The device has been designed to conduct surveillance over woods and marshes, in order to discover incidences of fire or flooding, to inform control centres. Associate Professor Yuri Yatsyna, who heads Research-and-Production Centre BAK (Unmanned Aircraft Complex) and Technologies, at the Physical-Technical Institute of NAS of Belarus, and who has a PhD in Technical Sciences, tells us, “Since the first half of the last century, when there were attempts to widely apply airship technology, world science has solved two vital issues: manufacturing helium gas (lighter than air and explosion-proof — unlike hydrogen); and lighter and stronger, multi-layered materials, able to retain helium more efficiently, with high fluidity.”
Such technologies are now being combined with the latest expertise accumulated by Belarusian scientists and applied to the creation of unmanned aerial vehicles. Most of the expenses involved are centred on various control systems, gauges, observation complexes and transmission of data to the mission control centre. Meanwhile, Belarusian developments are easily a match for foreign developments in quality, while being less expensive.
The new airship is almost identical to others currently on the market, but for travelling at a much slower speed, which is rather an advantage, allowing careful data collection, for transfer to a control board located perhaps hundreds of kilometres away. The second advantage is that it has very low running costs, using a small volume of engine fuel (and charging its battery). It can be ready for flight at almost a moment’s notice, needing only a cylinder of compressed helium each month.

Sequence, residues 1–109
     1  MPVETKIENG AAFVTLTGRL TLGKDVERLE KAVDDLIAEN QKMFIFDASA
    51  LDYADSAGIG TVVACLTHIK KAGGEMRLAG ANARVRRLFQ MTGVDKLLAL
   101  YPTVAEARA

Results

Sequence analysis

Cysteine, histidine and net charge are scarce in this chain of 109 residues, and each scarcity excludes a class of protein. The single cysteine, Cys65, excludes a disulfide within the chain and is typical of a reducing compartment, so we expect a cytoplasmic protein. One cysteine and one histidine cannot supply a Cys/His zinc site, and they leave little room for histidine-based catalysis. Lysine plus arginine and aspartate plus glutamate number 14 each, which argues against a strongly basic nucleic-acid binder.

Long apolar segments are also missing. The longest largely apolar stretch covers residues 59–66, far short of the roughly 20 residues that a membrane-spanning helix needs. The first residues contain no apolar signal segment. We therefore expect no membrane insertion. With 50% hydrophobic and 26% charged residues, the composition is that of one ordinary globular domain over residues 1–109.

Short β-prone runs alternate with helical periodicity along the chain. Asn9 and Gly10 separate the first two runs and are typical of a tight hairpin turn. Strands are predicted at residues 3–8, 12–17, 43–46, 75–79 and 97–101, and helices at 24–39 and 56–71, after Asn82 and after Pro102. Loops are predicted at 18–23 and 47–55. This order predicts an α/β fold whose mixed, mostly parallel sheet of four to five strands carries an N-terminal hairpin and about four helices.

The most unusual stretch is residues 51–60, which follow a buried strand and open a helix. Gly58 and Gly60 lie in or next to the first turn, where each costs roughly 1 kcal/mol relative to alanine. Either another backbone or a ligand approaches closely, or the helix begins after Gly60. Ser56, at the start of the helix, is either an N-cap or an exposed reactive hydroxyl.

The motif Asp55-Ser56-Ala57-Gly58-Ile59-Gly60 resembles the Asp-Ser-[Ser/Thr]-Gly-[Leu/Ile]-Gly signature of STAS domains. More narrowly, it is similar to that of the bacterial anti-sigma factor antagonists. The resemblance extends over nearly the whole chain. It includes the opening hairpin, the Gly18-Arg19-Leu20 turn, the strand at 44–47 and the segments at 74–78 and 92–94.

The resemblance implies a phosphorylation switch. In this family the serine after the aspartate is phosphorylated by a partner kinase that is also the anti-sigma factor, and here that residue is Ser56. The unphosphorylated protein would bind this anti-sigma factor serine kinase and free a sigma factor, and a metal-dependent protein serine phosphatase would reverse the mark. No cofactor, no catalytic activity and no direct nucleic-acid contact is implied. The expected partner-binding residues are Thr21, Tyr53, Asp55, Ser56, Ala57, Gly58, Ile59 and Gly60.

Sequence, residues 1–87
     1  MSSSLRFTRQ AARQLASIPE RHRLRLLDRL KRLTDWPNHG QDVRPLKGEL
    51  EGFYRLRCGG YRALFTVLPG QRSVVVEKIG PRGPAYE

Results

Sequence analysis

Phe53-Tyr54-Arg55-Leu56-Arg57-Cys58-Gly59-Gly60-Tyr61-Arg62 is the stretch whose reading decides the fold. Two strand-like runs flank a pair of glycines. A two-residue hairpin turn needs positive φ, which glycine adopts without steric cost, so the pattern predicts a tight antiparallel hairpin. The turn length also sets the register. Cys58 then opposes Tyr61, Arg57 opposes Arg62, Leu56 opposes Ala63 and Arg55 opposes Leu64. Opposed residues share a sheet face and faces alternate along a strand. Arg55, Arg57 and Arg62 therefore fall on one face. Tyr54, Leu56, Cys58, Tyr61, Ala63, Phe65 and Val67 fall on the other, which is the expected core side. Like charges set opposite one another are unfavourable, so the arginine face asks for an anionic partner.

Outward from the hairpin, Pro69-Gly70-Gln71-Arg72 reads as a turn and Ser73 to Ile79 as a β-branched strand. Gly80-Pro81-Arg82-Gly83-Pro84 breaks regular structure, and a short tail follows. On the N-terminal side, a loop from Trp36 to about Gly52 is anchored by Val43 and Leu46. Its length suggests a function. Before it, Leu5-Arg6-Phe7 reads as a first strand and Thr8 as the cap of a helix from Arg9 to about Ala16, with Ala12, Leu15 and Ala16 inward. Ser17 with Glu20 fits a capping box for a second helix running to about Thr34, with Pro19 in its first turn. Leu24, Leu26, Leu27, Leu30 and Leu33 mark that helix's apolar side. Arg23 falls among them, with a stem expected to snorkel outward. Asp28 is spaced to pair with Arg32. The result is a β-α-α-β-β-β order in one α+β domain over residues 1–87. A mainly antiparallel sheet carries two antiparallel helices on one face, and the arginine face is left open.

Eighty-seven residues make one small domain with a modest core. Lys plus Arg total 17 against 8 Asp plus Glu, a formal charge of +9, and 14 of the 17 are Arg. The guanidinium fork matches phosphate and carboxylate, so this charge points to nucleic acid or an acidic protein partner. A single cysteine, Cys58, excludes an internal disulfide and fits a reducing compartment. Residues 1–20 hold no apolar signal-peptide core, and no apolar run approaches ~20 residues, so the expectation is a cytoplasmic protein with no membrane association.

Yuri Yatsyna shows us images collected from unmanned flights over Belarus’ Berezinsky Biosphere Reserve and the Belovezhskaya Pushcha. The first image lacks clarity while the second one, taken from a craft twice as low, at just 57m above the Earth, shows roe deer behind a tree. The unique stabilisation system, balancing wind turbulence and other factors, allows much greater definition to be acquired.
The novelty will be useful not only in preventing fires and supervizing animals but for carrying out meticulous topography surveys, and supervising the border and other protected territories, as Mr. Yatsyna explains. Just one cubic metre of helium can lift 1kg of load into the air, covering the weight of the craft and its systems. Belarusian and Russian experts have developed two unmanned models: with a volume of 32 and 60 cubic metres. This is far from the limit, as Mr. Yatsyna underlines, saying, “In the USA, experts have estimated that transporting cargo over long distances by modern airship could be 5-6 times more efficient than traditional air transport. We are technologically and intellectually ready to start developing larger models, needing only customers, who are sure to soon be forthcoming. Belarus has already developed a training program for those operating unmanned craft, aiming to transform the country into a top-level aviation power.”
By Vladimir Yakovlev